National Review editor Rich Lowry has an interesting chat with a Republican strategist:

Just talked to a Republican strategist whose judgment I trust. He's despairing about Republican prospects in the Fall. He thinks Republicans will lose "a minimum" of 25 seats in the House and "a minimum" of 5 seats in the Senate, and probably closer to 7. But he's feeling better about the presidential race than a week ago because: 1) he thinks Steve Schmidt is going to make a big difference; 2) he hears that $80 million is going to be devoted to an anti-Obama 527; 3) in general, the financial disparity between McCain and Obama is not going to be as large as first feared. Although he thinks this could be shaping up like the 1980 race, and if people get comfortable with Obama the way they did with Reagan, it's all over. But he likes the way the McCain people gave been driving Obama on flip-flops, toward the goal of making him appear too duplicitous and too immature to be trusted with the presidency.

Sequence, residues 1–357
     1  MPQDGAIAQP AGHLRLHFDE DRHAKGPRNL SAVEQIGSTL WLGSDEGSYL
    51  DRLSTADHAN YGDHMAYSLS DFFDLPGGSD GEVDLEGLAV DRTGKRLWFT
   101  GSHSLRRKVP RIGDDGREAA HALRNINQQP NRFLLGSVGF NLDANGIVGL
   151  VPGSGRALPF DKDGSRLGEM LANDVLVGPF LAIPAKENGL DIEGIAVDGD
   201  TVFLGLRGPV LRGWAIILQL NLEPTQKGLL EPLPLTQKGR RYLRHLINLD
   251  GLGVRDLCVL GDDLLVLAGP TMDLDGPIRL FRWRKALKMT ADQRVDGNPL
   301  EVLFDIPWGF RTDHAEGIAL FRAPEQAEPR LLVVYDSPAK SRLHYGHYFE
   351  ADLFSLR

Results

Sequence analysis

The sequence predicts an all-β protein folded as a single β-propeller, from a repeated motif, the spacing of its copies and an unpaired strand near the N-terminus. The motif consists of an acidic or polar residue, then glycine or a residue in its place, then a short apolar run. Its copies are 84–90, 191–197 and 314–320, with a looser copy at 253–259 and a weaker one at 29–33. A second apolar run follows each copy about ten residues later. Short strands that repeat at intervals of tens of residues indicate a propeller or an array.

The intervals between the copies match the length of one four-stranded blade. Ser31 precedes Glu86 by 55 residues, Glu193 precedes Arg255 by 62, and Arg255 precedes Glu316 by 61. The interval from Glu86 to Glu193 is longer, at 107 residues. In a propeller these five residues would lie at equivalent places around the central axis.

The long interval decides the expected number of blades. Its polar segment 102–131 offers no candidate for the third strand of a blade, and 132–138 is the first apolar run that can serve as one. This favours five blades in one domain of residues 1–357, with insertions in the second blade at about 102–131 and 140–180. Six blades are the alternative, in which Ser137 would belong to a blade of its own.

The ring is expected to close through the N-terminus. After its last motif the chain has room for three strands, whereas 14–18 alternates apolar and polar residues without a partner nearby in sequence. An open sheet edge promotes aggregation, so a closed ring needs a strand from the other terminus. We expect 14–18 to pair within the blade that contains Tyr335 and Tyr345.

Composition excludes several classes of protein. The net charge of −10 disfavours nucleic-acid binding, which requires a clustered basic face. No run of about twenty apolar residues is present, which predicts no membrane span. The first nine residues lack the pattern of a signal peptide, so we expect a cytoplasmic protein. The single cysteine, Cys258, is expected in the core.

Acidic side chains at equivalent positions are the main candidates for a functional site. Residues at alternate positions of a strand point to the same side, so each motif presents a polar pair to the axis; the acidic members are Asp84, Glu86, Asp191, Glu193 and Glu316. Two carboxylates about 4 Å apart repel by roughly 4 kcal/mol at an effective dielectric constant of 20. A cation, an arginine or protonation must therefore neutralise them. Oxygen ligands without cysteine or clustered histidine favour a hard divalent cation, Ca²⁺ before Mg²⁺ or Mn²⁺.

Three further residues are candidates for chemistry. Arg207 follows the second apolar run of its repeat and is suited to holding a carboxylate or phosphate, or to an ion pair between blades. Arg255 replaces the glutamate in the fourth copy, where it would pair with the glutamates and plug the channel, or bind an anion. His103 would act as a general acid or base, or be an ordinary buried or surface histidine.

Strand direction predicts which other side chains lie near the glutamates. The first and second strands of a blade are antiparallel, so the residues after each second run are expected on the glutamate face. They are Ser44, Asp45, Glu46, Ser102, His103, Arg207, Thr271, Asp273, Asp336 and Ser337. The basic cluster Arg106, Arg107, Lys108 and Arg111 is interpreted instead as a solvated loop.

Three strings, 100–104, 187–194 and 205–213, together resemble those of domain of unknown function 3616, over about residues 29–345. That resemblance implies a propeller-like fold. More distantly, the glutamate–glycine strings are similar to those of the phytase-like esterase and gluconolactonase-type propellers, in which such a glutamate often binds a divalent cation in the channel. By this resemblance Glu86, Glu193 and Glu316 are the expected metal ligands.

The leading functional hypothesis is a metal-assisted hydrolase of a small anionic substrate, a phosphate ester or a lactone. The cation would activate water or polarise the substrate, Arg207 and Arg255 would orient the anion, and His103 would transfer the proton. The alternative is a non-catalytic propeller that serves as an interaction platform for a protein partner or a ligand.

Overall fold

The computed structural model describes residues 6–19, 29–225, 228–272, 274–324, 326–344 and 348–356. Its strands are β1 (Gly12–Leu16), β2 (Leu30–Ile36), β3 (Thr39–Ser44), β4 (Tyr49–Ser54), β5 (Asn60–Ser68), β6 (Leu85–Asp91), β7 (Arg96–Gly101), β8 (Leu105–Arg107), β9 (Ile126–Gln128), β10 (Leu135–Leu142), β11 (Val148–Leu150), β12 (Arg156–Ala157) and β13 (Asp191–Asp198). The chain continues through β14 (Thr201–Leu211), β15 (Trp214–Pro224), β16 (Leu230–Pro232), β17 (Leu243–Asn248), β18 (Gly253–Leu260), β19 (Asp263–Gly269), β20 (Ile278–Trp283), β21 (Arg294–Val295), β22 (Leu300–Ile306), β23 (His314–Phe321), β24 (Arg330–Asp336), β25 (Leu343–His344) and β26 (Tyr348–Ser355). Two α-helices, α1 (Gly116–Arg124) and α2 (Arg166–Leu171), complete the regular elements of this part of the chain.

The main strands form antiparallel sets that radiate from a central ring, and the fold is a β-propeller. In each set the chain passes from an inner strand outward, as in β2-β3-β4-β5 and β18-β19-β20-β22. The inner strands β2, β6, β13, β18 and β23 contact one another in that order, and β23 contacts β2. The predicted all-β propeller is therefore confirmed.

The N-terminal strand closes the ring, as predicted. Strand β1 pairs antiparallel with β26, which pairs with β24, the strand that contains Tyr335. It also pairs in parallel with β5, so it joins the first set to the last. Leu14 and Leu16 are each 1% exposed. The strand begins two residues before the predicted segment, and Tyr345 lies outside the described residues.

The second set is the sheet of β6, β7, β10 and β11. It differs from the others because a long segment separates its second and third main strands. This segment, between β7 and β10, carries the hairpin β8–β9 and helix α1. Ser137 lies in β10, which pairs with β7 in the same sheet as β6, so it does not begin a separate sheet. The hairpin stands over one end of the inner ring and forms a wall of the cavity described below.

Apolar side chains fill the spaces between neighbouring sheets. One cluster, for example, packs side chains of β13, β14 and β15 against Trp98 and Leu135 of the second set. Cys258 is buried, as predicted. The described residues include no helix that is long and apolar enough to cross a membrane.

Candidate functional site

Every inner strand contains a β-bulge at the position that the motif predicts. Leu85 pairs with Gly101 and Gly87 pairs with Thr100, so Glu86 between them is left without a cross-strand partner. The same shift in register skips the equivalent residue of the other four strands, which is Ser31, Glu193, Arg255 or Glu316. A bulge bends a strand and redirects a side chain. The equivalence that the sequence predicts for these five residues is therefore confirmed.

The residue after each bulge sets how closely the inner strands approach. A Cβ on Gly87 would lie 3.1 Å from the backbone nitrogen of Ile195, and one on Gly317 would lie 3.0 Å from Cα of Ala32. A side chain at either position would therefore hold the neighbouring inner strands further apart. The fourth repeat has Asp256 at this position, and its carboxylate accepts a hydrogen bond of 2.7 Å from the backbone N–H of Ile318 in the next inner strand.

I bolded the part at the end because it touches on the exchange Noam and I had over whether the flip-flop attack can work for McCain. One of my points was that, if it sticks, the flip-flopper image can be used to undermine Obama's credibility and leech over into other areas. This GOP strategist certainly sees this as the goal.

Noam and I also debated whether or not McCain's staggering hypocrisy on this point would catch up to him. McCain's list of policy reversals --  all of which were well-timed to position him for the 2008 GOP primary -- is unquestionably far longer and deeper than Obama's. Noam was confident the press corps would latch onto this:

This journalistic norm will ensure that, by Election Day, McCain will have ginned up at least as many stories highlighting his own expedient maneuvering as Obama's.

Sp far, I don't see anything like this happening.

Again, McCain is in a tough spot regardless of what he does, and the flip-flop attack certainly isn't the most damaging criticism against Obama. I do think, however, that it's a viable bridge for other attacks.

--Jonathan Chait